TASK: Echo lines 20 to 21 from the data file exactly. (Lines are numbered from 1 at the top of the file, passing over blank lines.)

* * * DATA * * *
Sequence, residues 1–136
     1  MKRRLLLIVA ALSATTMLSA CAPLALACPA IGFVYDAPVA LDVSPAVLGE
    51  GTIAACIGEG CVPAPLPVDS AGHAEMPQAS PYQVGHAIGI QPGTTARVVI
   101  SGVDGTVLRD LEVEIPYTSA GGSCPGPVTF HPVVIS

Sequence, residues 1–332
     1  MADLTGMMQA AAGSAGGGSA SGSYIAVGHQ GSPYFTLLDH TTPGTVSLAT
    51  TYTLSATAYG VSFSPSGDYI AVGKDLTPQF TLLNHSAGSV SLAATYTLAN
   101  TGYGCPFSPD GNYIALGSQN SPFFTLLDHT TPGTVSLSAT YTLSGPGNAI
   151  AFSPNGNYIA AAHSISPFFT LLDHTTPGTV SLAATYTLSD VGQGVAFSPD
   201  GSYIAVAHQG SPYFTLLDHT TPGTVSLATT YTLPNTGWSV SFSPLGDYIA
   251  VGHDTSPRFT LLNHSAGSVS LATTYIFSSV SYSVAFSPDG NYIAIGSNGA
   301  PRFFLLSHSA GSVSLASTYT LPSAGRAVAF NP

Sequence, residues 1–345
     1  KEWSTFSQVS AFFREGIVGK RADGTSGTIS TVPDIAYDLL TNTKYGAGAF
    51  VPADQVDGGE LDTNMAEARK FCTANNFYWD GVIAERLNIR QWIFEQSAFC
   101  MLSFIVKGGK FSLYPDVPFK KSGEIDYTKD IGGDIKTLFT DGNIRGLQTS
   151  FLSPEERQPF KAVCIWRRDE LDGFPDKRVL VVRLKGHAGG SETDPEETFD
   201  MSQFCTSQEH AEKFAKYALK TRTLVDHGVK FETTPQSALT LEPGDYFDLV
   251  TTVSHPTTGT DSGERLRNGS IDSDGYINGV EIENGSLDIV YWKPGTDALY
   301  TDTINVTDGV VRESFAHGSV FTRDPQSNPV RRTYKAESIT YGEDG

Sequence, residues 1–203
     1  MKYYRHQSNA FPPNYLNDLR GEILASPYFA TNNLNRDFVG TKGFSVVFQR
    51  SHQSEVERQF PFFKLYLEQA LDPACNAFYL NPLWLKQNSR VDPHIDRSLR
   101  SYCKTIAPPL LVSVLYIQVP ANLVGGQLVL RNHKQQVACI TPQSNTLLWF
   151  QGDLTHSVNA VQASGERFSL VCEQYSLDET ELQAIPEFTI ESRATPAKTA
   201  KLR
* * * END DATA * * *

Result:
   301  TDTINVTDGV VRESFAHGSV FTRDPQSNPV RRTYKAESIT YGEDG

Sequence, residues 1–203